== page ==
I am filled with a murderous rage. For years, I’ve been waging war against my neighborhood squirrels—and losing. I cannot stop them. They dig up my garden, gorge on my fruit trees and break into my home. It’s not for lack of trying that I’m failing. I have been kind and violent. I thought I could reason with them. I left them birdseed as a peace offering. It only made them hungrier. They ignored my cage traps and teased my “attack” dog. I even hunted them down with a pellet gun and turned them into squirrel sausage. But in no time, they’d be back, taking single bites of unripe mangoes and letting them drop to the ground to rot for the maggots as if to spite me for my efforts. There is squirrel hate in my heart.
But today is National Squirrel Appreciation Day (in case you didn’t have that highlighted on your calendar), and I’m desperate to learn how to live in harmony with these pesky animals. So I reached out to Dr. Robert A. McCleery, a professor of wildlife ecology and conservation at the University of Florida, to help me overcome my prejudice and appreciate the eastern gray squirrel.
But before we appreciate them, I got to get some more squirrel hate off my chest.
I know I’m not alone in swerving out of the way of squirrels darting in front of my car. I’ve almost killed other creatures (including myself) trying to save them from becoming roadkill. Turns out you shouldn’t do that.
Squirrels are also a great menace to our electrical grid. They cause 10 percent to 20 percent of all America’s power outages. The American Public Power Association, a national service organization that deals with power utilities even uses a “squirrel index” to track outages caused by gnawing squirrels throughout the country.
Sometimes it feels like there are more squirrels than ever before.
When I ask McCleery if the squirrel population is increasing, he donned his academic hat. “What do you mean by more? What’s our timescale here? More than 50 years ago? Sure. More than 10? I can’t say.” But he did say that the urban squirrel population has increased as a result of—us.
He asked me to zoom out even further. “What did your part of Florida look like 150 years ago?” Not like it does today. “You probably had an open canopy,” he said. Imagine pine forests with lots of open spaces or isolated patches of oak and cypress hammocks. But we changed all that, McCleery explained. “You removed fire. You put nice trees in for yourself—either for fruit or for shade—and so you closed the canopy and planted things that are highly palatable for squirrels.” In other words, we humans have done a great job making our urban developments a wonderful oasis for the squirrels, and for the eastern gray squirrel in particular. Before we closed the canopies, Sarasota was likely the domain of the solitary fox squirrel.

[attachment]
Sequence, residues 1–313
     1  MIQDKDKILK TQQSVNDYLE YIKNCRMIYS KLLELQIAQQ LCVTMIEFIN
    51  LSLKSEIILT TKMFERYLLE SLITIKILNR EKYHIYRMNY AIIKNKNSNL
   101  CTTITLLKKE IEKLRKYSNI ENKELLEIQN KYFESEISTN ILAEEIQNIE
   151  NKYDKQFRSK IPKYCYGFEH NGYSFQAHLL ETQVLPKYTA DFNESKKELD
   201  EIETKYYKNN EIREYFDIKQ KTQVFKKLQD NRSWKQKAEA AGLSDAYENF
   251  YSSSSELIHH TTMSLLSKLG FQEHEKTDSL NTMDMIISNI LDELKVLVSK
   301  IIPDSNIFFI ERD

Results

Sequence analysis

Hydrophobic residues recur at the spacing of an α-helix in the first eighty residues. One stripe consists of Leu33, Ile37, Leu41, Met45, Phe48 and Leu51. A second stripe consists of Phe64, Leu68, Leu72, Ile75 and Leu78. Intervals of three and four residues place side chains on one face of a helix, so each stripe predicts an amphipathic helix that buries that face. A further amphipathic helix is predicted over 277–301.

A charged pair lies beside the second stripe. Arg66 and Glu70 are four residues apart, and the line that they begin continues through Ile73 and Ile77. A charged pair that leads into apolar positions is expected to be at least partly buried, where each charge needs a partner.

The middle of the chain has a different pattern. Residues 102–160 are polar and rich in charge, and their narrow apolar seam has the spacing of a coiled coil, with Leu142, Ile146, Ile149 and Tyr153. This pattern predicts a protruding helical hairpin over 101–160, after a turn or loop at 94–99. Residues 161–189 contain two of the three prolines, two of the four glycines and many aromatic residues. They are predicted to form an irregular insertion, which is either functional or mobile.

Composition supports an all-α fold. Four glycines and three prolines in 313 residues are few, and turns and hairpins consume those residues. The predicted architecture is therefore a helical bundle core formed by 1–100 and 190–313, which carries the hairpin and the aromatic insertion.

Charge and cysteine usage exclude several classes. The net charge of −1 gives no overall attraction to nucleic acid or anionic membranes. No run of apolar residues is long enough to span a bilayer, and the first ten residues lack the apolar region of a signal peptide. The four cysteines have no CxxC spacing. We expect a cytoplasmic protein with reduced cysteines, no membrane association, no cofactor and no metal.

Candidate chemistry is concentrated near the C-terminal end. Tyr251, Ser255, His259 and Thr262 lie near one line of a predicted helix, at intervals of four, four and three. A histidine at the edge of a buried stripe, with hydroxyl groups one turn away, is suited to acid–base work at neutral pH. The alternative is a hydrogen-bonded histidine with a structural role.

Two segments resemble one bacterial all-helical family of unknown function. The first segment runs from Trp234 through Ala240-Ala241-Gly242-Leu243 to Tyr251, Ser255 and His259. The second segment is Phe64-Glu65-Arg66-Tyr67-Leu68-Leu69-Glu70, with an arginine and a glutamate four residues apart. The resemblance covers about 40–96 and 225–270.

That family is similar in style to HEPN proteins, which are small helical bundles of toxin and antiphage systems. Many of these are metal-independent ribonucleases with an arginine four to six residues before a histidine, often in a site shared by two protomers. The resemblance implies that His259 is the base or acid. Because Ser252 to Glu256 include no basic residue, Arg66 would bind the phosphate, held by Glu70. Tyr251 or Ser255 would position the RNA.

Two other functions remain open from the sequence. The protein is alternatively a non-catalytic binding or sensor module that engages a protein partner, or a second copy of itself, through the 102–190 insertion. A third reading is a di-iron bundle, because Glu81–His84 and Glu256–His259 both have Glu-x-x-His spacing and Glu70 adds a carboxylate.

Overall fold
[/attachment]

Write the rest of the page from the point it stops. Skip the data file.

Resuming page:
“I can make a mango tree scary for a squirrel,” McCleery told me. “You have to plant it away from other trees. You can’t have touching canopy. As soon as you have canopy that is overlapping, you’ve given them a highway.” The ground is a scary place for squirrels.
So besides starting fires and trying to convince my neighbors to cut down their trees, what are my other options? Fear.
McCleery said my dog needs to take one out. “Most any animal recognizes mortality,” he said. “If your dog caught one squirrel, they would be scared to death of that dog. That information would be transferred, and whenever your dog came out, they would scold it. If your squirrels aren’t scolding your dog right now, they’re not scared.” Squirrels scold when they make that chirping noise and flick their tails.
Squirrels are also scared of humans. But we can’t keep scaring them the same way without anything bad happening. “You have to be random, unpredictable and have lots of variation,” he said. “If there’s no bad outcome, you’ve just habituated them to that and they realize there’s no risk.” But that’s a lot of work for people, and some people just resort to hiring professional pest control companies.
“You’re not going to fight the fact that you’ve made a wonderful oasis for the squirrels, so you might want to learn to enjoy them,” McCleery said. He’s got lots of squirrels at his north central Florida home. Right now, it’s the time of year where squirrels cache their food, and he says it’s fun to watch their behavior. “They will cache very differently where they’re scared and where they’re not scared. They actually cache in areas that are scary to other squirrels so that the other squirrels will not go get them,” he said.
In terms of appreciating squirrels, McCleery asked, “What other wildlife do you see that has their own mind, doing their own things on a day-to-day basis? The answer is not too damn much.” We might see some birds, but squirrels are the wildlife that most humans interact with. “They’re really smart and they’re cunning and they’re clever, and they can be entertaining if you want to watch their behavior,” he said.
Squirrels, it turns out, are an extension of ourselves. They’re also survivors. Here is an animal that has found a niche in which to thrive in spite of all the ways we have changed the world.
And while McCleery has never tasted squirrel meat himself, he told me that he’s not opposed to me making squirrel sausage again. “I don’t get worked up about those things. I’m an ecologist. I care about populations and communities. If there was a limited supply of squirrels, then it might be a bad thing.”